- Stardew Valley.
- Chess (against the car or another person).
- Other games.
- Santa Mode.
- Mars Mode.
- Rainbow Road (w/ cowbell).
- Fart App.
- Camp Mode (including nice, warming campfire visualization).
- Autopilot visualizations (aside from the usefulness of the tech, it’s just fun and interesting looking at the visualization).
- Did I mention it’s pretty?
- Plenty of cargo space in the main trunk area, under-trunk compartment, and frunk. (Or you can get tons more cargo space in the Model Y if you prefer.)
- Can charge your car with solar power, and then can tell people you are driving on sunshine.
- Cabin Overheat Protection (makes sure the vehicle cabin doesn’t get above 105°F when you are away, unless the battery goes below 20%).
- Dog Mode.
- Drawing pad. (Great for kids! But also fun for adults!)
- Monty Python Easter egg.
- White & black interior is stunning.
- Sound system is top notch.
- Super smooth driving experience/feeling.
- Quiet at low speeds (not very quiet at high speeds, but I hear that’s gotten better).
- Best navigation system in the world (because of hardware + software).
- Heated seats — 3 levels.
- Automatic windshield wipers (though, they aren’t always good enough to use on their own).
- Vegan, PETA-approved interior materials for seats, steering wheel, etc.
- This is before getting the car, but it’s worth mentioning — no sleazy, scammy auto dealer to go through!
- Summon (you can bring the car to where you’re standing via your phone).
- Sentry Mode (watches out for intruders, vandals, and other passersby, and records them just in case).
- Can open trunk, frunk, doors, and windows via phone app. Can even remotely start the car. (Waiting for a Tesla to be featured in a Marvel film.)
- Can engage in a bit of fun trolling and honk at someone using phone app while you aren’t in the car. (I’ve done it too many times.)
- Great range on a full charge.
- Valet Mode & Speed Limit Mode.
- Superb handling — feels like a sports car packaged in a midsize sedan’s body.
- Navigation screen and phone app both show # of free Supercharger stalls at a Supercharger station.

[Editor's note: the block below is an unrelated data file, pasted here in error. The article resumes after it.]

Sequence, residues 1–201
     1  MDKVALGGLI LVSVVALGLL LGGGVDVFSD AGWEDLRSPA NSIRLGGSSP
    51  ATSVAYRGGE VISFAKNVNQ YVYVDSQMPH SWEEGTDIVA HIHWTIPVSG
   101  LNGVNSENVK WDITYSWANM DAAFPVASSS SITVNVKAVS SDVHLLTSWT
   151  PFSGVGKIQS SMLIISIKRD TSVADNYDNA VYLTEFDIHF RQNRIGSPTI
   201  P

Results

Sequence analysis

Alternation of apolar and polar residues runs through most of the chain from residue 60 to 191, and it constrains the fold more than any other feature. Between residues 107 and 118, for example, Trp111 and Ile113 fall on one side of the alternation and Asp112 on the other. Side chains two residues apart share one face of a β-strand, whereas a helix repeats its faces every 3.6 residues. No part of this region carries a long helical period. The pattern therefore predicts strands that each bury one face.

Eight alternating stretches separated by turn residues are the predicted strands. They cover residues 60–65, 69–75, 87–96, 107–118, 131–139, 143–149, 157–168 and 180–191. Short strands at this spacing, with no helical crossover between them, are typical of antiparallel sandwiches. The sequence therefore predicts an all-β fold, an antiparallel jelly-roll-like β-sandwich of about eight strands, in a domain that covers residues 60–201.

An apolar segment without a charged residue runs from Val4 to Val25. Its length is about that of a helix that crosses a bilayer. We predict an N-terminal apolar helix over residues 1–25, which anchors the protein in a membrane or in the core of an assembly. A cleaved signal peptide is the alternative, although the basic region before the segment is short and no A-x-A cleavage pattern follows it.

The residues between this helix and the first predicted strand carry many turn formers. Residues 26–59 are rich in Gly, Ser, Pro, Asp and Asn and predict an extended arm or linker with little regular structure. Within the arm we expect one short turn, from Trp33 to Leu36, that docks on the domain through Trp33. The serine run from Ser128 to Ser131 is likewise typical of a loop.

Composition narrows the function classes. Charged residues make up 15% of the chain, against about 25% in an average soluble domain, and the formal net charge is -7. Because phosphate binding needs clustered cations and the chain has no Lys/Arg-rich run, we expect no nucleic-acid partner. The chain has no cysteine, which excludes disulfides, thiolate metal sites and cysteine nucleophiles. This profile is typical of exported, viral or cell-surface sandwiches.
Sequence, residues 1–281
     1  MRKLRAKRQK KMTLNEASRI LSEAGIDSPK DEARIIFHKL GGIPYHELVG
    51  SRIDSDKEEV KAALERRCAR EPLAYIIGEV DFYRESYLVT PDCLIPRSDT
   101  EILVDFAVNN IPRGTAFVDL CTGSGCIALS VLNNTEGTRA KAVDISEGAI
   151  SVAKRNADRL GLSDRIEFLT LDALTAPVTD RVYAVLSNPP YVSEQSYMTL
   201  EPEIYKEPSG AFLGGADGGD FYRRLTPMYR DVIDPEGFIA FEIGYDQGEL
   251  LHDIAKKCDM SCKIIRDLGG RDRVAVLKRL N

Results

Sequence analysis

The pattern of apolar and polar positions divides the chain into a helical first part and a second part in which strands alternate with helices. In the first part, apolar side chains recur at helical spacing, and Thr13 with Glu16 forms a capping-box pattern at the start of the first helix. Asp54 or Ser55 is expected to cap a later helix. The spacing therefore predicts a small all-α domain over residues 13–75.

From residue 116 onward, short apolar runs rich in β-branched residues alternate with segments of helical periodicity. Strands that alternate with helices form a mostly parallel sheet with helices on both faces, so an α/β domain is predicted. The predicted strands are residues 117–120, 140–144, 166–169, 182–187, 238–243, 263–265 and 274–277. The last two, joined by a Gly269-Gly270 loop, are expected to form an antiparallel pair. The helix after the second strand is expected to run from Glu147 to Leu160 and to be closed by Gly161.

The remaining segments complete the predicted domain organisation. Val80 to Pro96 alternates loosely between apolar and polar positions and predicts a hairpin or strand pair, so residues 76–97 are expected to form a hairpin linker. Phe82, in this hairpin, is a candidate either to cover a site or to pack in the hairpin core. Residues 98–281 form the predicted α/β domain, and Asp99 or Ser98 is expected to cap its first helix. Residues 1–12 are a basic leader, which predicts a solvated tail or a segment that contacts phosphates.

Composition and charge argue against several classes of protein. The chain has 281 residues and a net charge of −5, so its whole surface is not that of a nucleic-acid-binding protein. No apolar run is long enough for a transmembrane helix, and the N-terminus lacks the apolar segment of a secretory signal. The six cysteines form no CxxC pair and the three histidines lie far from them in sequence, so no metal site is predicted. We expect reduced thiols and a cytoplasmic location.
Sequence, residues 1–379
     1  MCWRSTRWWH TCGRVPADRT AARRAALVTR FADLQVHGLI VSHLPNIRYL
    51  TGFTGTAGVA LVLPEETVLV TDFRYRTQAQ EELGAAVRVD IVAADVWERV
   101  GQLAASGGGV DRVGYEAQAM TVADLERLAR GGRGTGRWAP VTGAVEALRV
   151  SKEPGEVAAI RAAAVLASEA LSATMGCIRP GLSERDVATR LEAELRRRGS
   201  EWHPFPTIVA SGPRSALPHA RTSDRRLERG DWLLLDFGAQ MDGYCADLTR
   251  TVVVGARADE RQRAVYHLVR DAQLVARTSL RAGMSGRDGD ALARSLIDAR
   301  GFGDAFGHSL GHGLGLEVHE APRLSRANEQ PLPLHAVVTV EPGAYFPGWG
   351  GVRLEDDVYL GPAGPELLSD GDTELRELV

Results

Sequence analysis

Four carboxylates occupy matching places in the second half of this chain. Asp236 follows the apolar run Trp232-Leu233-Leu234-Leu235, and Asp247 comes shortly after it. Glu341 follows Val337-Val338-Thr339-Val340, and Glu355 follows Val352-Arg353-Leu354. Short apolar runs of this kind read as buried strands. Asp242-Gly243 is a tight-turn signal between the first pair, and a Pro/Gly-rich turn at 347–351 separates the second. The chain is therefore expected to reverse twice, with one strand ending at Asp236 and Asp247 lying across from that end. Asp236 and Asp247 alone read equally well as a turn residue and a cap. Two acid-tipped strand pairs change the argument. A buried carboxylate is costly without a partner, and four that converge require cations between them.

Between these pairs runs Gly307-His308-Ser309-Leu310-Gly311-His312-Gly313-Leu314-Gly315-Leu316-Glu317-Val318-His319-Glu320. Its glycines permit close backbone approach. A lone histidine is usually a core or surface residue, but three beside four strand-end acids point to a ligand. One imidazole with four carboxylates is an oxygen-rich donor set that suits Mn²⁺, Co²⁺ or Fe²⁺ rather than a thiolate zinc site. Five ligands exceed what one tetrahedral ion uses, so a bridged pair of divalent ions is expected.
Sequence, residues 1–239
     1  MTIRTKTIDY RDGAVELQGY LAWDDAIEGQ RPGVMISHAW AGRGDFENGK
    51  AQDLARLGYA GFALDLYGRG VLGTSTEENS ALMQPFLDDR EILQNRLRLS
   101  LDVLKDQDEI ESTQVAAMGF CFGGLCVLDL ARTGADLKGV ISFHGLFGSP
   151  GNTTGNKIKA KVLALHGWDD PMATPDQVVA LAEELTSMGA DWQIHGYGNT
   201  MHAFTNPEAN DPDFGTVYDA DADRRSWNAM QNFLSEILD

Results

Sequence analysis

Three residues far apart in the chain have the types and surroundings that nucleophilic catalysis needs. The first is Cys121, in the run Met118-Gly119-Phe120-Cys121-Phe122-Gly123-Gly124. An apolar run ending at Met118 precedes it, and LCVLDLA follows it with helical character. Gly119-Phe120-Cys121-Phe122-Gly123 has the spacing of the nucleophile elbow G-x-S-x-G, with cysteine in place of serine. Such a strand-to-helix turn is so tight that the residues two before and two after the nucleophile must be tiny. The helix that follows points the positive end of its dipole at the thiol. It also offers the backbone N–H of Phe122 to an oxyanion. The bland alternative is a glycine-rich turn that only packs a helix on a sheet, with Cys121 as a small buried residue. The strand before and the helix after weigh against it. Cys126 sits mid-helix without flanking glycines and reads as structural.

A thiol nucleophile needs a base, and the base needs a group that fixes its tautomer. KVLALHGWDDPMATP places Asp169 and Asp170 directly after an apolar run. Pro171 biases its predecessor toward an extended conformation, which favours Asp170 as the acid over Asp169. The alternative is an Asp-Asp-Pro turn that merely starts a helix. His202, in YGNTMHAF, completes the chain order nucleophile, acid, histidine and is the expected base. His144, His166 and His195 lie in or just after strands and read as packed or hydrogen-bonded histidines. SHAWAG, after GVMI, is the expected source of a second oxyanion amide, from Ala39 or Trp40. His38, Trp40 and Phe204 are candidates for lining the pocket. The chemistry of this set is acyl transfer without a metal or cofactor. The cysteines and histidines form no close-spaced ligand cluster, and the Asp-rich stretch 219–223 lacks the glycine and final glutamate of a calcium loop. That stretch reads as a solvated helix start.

- Can schedule service easily through phone app.
- Can request roadside assistance, and select from list of common problems, via phone app.
- Can find location of car via phone app.
- Carpool lane access, free parking, or other perks in certain places.
- Voice commands. Work very well, including the voice-to-text feature for text messaging.
- Driver profiles.
- Air conditioning vents — unique, designed by Tesla, and work better than typical car air conditioning vents.
- Tremendous efficiency.
- Almost no maintenance.
- Great resale value — best on the US market.
- Minimalist interior.
- Over-the-air software updates that routinely improve your car (in the time I’ve had my car, we’ve gotten updates that increase range, increase power, and add several of the items above, like Netflix, YouTube, some games, some Autopilot visualizations).
- Can read CleanTechnica on vehicle browser/touchscreen!
- Zero emissions.
Want to buy a Tesla Model 3, Model S, or Model X? Feel free to use my referral code to get some free Supercharging miles with your purchase: https://ts.la/zachary63404. You can also get a $250 discount on Tesla solar with that code.
|*Note: This is based on official figures from other automakers but an estimate for the Model 3. Tesla only reports global sales, without splitting them out by country or region, and has also started combining Model 3 and Model Y sales/deliveries. A little while after I published articles about Tesla’s US 1st quarter sales earlier this month, I discovered that our estimates for foreign sales had been too pessimistic. Sales abroad were much higher in the 1st quarter than we initially thought — most notably, in Europe, South Korea, and China. That meant that US Tesla sales estimates were too high. So, I think for the first time in my history of doing this, I had to pull some sales reports and wait for a bit more data before publishing updates. (Next quarter we will simply wait longer to publish our reports.)|